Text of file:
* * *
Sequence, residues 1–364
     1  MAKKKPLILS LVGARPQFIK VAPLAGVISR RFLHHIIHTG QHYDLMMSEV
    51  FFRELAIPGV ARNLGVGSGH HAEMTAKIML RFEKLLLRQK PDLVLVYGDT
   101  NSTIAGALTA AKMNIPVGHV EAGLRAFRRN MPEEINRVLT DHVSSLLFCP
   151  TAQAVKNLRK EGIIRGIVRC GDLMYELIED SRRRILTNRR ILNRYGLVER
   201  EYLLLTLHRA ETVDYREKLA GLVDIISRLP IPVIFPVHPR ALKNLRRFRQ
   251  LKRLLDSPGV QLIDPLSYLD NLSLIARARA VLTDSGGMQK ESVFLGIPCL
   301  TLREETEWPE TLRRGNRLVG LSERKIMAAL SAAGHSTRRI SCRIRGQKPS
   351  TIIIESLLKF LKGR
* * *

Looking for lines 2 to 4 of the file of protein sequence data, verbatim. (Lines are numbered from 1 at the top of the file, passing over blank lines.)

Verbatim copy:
     1  MAKKKPLILS LVGARPQFIK VAPLAGVISR RFLHHIIHTG QHYDLMMSEV
    51  FFRELAIPGV ARNLGVGSGH HAEMTAKIML RFEKLLLRQK PDLVLVYGDT
   101  NSTIAGALTA AKMNIPVGHV EAGLRAFRRN MPEEINRVLT DHVSSLLFCP